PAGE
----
When Christians disagree, whose side is God on? In today’s world words are spoken that are not loving. Actions are taken that are not just or compassionate and we are on opposite sides about choosing who speaks and acts for us.
I still remember two scenes from the 1962 movie The Longest Day, about D-Day. In the first scene a German officer, standing in a fortified defensive structure looking out over the English Channel at all the ships approaching, says, “Gott ist auf unserer Seite,” or “Surely God is on our side.” Shortly thereafter is a second scene of an Allied General looking over the carnage taking place on Normandy beach. He too says, “Surely God is on our side.”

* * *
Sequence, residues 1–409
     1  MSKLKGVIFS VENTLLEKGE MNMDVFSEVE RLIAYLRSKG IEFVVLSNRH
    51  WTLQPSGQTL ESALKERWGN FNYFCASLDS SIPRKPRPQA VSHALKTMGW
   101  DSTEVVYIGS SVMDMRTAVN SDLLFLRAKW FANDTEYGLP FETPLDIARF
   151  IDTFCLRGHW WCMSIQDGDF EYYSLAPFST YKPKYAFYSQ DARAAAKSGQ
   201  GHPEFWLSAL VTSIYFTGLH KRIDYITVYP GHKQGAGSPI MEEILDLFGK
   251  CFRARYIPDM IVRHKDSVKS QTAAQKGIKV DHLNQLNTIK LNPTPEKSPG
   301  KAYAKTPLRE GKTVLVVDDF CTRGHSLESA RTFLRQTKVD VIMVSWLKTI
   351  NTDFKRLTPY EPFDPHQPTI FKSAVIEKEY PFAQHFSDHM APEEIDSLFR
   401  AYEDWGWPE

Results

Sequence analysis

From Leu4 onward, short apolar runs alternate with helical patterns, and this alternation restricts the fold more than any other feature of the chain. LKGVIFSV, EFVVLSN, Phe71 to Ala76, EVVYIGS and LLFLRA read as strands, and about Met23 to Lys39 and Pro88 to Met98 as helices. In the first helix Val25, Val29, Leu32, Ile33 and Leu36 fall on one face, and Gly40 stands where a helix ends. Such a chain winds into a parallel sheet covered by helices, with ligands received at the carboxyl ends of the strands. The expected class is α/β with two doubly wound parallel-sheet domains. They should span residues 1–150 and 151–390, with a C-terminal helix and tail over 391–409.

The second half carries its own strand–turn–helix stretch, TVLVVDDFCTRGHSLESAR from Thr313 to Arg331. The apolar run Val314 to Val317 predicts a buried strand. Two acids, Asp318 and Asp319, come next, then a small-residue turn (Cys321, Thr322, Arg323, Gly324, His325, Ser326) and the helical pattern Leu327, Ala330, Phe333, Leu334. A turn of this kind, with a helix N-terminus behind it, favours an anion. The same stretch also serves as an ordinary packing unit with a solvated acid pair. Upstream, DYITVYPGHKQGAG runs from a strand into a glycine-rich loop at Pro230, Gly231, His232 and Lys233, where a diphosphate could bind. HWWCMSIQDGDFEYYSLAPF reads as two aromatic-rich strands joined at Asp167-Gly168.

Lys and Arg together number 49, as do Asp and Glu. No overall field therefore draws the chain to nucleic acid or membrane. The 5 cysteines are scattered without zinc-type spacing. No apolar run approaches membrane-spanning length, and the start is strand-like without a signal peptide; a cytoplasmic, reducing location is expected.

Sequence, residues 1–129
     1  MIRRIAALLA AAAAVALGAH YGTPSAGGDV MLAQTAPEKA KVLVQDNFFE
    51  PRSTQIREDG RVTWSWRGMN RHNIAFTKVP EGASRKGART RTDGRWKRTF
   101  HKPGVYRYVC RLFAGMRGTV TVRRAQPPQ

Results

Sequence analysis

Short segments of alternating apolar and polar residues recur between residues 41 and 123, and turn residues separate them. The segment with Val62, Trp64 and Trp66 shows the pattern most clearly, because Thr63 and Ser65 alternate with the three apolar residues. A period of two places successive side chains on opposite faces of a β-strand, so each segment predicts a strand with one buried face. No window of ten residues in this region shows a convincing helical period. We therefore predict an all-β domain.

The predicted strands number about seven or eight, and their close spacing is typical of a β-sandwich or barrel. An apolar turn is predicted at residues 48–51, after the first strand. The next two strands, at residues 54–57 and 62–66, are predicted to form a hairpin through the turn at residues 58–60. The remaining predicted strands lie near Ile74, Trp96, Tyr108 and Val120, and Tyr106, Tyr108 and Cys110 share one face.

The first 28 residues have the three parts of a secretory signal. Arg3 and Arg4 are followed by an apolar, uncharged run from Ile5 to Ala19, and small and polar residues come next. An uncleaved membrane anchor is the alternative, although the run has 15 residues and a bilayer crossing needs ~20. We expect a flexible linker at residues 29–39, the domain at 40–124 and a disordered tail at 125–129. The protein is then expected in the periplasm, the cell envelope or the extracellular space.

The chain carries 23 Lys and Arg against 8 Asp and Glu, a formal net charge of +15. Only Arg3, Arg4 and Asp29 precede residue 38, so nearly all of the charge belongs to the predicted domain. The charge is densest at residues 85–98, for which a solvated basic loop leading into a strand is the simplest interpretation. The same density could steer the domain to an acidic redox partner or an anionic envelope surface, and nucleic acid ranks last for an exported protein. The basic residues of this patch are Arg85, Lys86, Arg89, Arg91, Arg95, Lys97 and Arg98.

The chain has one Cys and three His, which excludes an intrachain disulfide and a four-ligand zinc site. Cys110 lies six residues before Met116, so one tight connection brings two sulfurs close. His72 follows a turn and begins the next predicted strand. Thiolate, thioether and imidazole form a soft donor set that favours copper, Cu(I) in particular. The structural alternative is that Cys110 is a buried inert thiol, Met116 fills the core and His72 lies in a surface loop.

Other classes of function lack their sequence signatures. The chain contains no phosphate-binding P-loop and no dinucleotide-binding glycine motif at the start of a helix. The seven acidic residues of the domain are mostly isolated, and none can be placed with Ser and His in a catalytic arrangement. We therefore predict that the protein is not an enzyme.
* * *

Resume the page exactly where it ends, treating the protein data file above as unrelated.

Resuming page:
Every Sunday morning in worship, we pray to our sovereign God, believing God rules over all. Yet we also pray the Lord’s Prayer and say, “Your Kingdom come, Your will be done, on earth as it is in heaven,” as if God does not rule over all yet. What does “Your kingdom come” mean? Let’s consider this question together in worship this Sunday.